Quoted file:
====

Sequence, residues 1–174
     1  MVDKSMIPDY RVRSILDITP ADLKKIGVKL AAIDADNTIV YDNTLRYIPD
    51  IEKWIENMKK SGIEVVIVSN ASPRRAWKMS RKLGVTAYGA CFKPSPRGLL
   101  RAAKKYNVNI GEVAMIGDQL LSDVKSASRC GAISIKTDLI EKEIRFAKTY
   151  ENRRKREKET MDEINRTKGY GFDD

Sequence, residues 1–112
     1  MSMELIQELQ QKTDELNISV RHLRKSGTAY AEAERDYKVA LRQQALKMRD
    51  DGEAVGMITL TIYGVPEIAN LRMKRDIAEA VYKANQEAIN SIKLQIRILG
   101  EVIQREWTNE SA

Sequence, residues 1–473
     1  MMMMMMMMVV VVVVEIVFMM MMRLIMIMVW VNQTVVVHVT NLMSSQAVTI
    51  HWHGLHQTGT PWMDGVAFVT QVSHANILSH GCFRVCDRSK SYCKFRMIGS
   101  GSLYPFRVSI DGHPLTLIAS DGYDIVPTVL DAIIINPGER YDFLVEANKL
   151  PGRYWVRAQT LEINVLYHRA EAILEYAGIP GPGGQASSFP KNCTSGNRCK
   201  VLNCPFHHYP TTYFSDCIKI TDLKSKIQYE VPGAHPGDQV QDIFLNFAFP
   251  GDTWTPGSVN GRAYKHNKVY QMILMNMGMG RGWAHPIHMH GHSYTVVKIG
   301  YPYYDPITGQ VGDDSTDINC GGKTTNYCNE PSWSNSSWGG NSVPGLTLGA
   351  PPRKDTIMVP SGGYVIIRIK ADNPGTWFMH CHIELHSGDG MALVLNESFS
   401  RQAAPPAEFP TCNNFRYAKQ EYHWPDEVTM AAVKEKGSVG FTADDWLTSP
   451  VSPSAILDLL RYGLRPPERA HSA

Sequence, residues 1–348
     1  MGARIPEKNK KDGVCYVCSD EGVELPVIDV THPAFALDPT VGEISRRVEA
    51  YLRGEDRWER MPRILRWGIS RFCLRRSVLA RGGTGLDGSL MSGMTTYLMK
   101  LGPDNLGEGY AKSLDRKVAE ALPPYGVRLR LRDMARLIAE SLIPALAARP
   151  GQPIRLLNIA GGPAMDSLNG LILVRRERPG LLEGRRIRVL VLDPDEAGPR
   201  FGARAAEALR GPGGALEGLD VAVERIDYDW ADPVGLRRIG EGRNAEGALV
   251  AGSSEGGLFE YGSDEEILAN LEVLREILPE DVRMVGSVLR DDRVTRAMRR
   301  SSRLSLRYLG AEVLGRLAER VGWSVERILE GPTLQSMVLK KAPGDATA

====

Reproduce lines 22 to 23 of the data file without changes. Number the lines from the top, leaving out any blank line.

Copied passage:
     1  MGARIPEKNK KDGVCYVCSD EGVELPVIDV THPAFALDPT VGEISRRVEA
    51  YLRGEDRWER MPRILRWGIS RFCLRRSVLA RGGTGLDGSL MSGMTTYLMK